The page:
wherein extracting the tonic skin response comprises:

detecting rises in the digital output signal representing the skin conductance over a period at least longer than the maximum of the first range.

12. A method as claimed in claim 11, comprising extracting the tonic skin response by filtering out rises in the digital output signal representing the skin conductance corresponding to rising edges identified as phasic skin reponse.

13. A method as claimed in claim 10, 1 1 or 12, comprising:

filtering out or limiting the influence of skin conductance measurements during events of poor skin electrode contact; and/or

filtering to reject or limiting the influence of false responses due to motion.

14. A method as claimed in any one of claims 10 to 13 comprising calculating a

Cortisol response from the skin responses.

15. A monitoring method comprising :

measuring skin conductance at the top of the wrist by applying the method of any one of claims 10 to 14 using a wrist band sensor.

Description:
1 22.12.2016

Measurement of skin conductance

FIELD OF THE INVENTION

This invention relates to the measurement of skin conductance.

BACKGROUND OF THE INVENTION

It is well known that skin conductance changes when a person sweats, and that such sweating may be brought about either by physical effort or by the emotional state of a person.

For example, the applicant is developing a wristband type system which can determine an emotional state of the wearer from skin conductance measurements. This information may then be used to advise the user to undertake physical action or to relax, with the aim of improving the sleep efficiency of the wearer.

An increase in skin conductance is the result of sweating that fills the sweat glands with salty sweat. Filled sweat glands form a conductance path to bloodstreams beneath, the latter having very high conductance. The skin conductance can be measured by placing electrodes on the skin, applying a voltage and measuring the current.

Sweating is partly caused by the body temperature regulation process, and partly by an effect that depends on the user's emotional state. Both effects take place at the same time, and they combine to result in an overall skin conductance. The so-called tonic skin response or skin conductance level (SCL) is a response which varies relatively slowly over time and depends both on temperature regulation and emotional conditions. The so- called phasic response or skin conductance response (SCR) (or galvanic skin response (GSR)) is a response which varies relatively quickly over time and depends on the emotional triggers. It is difficult to separate the temperature regulation effect from the emotional effect.

The emotional state of a user is generally the result of emotional triggers that have happened in the recent past. These emotional triggers result in the more short term phasic variations in the skin conductance. These phasic responses are minimally dependent on body temperature related processes. However, they have relatively small amplitude and are easily disturbed by user wrist movements that influence the skin-electrode contact pressure. The contribution of emotional effects, temperature regulation and motion effects to a skin conductance measurement also depends on the location of the measurement. For example, the emotional component is more pronounced at the finger tips. At less pronounced areas such as the base of the wrist, or even more so at the top of the wrist, the emotional component becomes small and it is more difficult to separate emotional components from temperature regulation component or motion disturbances.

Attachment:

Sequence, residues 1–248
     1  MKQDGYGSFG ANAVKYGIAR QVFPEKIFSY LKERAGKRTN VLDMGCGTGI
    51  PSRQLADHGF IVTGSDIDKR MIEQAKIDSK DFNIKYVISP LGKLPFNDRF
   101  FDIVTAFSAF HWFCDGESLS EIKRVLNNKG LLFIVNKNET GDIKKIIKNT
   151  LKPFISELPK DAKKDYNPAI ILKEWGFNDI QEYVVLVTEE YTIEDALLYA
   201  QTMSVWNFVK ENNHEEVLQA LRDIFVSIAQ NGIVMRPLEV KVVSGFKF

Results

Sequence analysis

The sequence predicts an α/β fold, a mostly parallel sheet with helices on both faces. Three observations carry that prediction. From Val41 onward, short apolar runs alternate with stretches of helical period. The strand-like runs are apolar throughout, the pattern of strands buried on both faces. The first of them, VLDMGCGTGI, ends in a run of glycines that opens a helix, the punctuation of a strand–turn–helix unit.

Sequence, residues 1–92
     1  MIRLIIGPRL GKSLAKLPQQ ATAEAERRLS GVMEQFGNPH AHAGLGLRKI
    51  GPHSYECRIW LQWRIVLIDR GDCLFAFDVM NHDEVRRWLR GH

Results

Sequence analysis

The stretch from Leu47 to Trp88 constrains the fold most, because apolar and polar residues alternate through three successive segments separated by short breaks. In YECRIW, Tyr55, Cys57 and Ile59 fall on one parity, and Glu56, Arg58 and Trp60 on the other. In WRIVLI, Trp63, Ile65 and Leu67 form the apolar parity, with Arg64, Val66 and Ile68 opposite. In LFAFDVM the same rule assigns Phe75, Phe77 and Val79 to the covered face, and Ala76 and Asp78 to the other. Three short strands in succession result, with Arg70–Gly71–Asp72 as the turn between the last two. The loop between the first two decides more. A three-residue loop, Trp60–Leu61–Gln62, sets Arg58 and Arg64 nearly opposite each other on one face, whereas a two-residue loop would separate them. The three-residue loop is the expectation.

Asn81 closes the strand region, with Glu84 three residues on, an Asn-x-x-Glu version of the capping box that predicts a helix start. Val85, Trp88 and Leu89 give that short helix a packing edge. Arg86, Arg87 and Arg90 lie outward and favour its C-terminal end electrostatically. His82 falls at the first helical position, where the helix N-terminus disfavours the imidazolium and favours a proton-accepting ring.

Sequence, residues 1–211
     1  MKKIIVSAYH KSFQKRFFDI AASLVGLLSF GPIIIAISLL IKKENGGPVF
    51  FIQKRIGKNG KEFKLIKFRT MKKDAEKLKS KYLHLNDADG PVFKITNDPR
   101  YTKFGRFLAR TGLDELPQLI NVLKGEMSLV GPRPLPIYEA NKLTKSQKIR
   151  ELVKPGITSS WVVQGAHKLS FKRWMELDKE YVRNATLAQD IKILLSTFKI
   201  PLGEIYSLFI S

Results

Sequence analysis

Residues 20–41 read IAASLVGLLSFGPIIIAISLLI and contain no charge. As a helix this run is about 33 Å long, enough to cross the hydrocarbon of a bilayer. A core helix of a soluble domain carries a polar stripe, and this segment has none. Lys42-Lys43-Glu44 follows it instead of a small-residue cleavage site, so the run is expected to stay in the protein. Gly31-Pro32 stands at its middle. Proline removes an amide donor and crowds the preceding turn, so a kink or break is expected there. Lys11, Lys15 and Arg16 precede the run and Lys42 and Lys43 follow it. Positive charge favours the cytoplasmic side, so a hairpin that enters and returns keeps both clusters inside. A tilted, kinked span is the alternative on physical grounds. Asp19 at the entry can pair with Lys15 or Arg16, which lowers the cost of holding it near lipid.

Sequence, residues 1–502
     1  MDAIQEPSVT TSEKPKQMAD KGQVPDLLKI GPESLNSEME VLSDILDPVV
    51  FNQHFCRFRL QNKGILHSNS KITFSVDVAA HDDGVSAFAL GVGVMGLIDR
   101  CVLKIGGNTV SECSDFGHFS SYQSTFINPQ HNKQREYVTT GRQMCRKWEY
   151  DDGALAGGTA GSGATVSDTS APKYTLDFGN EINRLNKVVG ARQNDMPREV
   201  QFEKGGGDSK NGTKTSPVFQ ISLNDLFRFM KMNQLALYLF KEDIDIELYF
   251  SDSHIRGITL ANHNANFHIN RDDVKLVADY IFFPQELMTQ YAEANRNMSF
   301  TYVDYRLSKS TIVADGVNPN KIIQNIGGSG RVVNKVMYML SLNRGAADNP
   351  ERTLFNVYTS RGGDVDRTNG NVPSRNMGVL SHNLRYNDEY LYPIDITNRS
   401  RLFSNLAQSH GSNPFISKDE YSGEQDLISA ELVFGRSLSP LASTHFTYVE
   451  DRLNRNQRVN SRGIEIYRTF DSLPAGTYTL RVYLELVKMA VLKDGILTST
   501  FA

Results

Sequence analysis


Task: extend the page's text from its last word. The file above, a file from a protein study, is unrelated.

A pure skin conductance measurement device cannot distinguish between the emotional component of the tonic response and the thermal regulation component. The measurement will see the effect of all conductance variations in parallel.

The emotional component is related to Cortisol levels, which is an adrenal hormone essential to the maintenance of homeostasis. Called "the stress hormone", Cortisol influences, regulates or modulates many of the changes that occur in the body in response to stress. Cortisol levels normally fluctuate throughout the day and night in a circadian rhythm that peaks at about 8am and reaches its lowest around 4am. More Cortisol is secreted in response to stress.

A skin conductance sensor typically applies a voltage (or current) to the skin, and measures a resulting response. This response may be a current flowing though (or a voltage across) the skin. In the latter case, voltage is applied to the skin through a series resistor, so that the skin and the series resistor function as a variable voltage divider. A current flowing is measured using a current amplifier and a voltage is sensed using a voltage amplifier.

The sensor may use a single ended design or a differential design. A single ended design is of lower cost and less sensitive to noise. A differential design is more complex but enables common mode effects to be cancelled.

Figure 1 shows a typical skin response as conductance versus time. In this graph, the skin conductance level in the form of the average trend can be distinguished from the (phasic) skin conductance response SCR components, which are the high frequency peaks.